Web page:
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To Skin A Cat: Southern Africa’s Leopards In Peril

This is a discussion on To Skin A Cat: Southern Africa’s Leopards In Peril within the News forums, part of the category; To Skin A Cat: Southern Africa’s Leopards In Peril by Gerhard Damm According to Bandile Mkhize, chief executive of, Ezemvelo ...

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    Default To Skin A Cat: Southern Africa’s Leopards In Peril

    To Skin A Cat: Southern Africa’s Leopards In Peril
    by Gerhard Damm

    According to Bandile Mkhize, chief executive of, Ezemvelo KZN Wildlife, leopard skin regalia are traditionally reserved for chiefs but apparently now many members of the Shemba Church want them. Kings and chiefs, including President Jacob Zuma, are required to follow certain procedures and obtain permits if they wanted to wear the pelts of protected species.

    Each year, massive numbers of skins are procured by members of the Shembe Nazareth Baptist church for traditional ceremonies; most of these leopard pelts apparently are supplied through muti traders without permits. The church, only 100 years old, is deeply rooted in the Zulu culture. A witness who attended several Shembe events saw more than 2,000 members wearing real leopard skins Enoch Mthembu, the spokesperson for the Shembe church, sees nothing wrong with muti traders supplying church members. “God gave us the environment and control over the animals. We wear leopard skins to worship God, not to enrich ourselves,” he said according to an article by Fiona McLeod. The Shembes wear leopard regalia for dancing ceremonies, not for traditional purposes in the manner of Zulu nobility, he said. “It’s wrong to point fingers at the Shembe; this is part of our culture.” The religion, with an estimated 4.5-million followers, is based on reverence for nature and uses various animal skins for positive, peaceful purposes, Mthembu said. A ceremonial outfit made of leopard skin, which includes an apron, headdress and armbands, costs more than R6,000.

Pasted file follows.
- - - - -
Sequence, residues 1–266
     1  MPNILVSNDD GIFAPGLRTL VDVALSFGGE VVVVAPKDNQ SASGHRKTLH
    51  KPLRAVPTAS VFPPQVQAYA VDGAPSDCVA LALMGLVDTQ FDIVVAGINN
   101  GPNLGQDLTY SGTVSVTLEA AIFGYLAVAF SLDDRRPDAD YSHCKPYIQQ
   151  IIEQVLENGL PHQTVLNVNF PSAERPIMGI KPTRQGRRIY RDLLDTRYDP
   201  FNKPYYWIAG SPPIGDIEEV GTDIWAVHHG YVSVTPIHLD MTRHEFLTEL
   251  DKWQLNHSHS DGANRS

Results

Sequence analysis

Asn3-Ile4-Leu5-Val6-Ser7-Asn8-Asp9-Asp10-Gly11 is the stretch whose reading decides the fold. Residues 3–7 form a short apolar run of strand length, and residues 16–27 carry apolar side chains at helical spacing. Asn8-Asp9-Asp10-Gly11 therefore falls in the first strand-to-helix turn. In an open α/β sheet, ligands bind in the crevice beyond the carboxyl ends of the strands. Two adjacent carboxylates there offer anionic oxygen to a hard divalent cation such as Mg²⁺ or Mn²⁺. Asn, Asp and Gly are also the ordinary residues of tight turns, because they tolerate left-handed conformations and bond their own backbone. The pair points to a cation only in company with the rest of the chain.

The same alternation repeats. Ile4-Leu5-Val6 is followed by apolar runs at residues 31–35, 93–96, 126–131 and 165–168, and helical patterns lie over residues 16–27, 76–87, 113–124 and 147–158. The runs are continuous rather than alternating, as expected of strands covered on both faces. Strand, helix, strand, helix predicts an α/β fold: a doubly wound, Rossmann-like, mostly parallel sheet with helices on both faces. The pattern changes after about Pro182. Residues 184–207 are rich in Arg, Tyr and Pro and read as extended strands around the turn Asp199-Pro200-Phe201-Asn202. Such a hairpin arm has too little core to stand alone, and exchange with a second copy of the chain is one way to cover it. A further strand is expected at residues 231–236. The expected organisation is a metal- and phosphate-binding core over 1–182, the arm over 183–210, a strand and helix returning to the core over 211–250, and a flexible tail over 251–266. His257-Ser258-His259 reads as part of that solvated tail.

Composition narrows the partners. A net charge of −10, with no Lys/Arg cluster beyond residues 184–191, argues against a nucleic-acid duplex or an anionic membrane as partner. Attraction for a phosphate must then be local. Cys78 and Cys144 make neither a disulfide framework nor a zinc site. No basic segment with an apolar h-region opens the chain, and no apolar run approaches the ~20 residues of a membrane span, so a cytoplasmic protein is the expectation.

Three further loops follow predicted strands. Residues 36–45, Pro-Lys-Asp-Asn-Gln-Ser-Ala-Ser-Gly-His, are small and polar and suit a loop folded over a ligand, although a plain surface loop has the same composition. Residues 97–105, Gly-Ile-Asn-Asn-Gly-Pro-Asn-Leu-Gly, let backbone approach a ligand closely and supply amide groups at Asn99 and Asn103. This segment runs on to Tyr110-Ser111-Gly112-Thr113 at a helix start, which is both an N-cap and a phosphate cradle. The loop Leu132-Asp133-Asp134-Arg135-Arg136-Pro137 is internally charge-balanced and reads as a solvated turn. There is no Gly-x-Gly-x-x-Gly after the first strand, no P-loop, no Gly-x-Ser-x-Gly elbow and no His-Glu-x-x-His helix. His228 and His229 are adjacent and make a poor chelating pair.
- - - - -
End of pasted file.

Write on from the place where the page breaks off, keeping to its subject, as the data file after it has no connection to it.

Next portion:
Local leopard researchers said they respected the church’s traditional practices and that there is a need to win over Shembe Church leaders to protect Southern Africa’s leopard populations. Experts are exploring solutions which would not trample the Shembe’s traditional practices. “The approach has always been to find a solution-based approach and the strongest tradition that we have come up with is to produce a high quality fake fur at a reasonable price, which would then take the demand off people having to own the real thing,” said Greg Lomas, who is part of a team filming a documentary called To Skin a Cat. For more on this project visit
    This article first appeared in the e-newsletter of African Indaba. Get a free subscription.

    Gerhard R Damm
    Dedicated to the People & Wildlife of Africa

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    this could spell trouble for the "Leopard"
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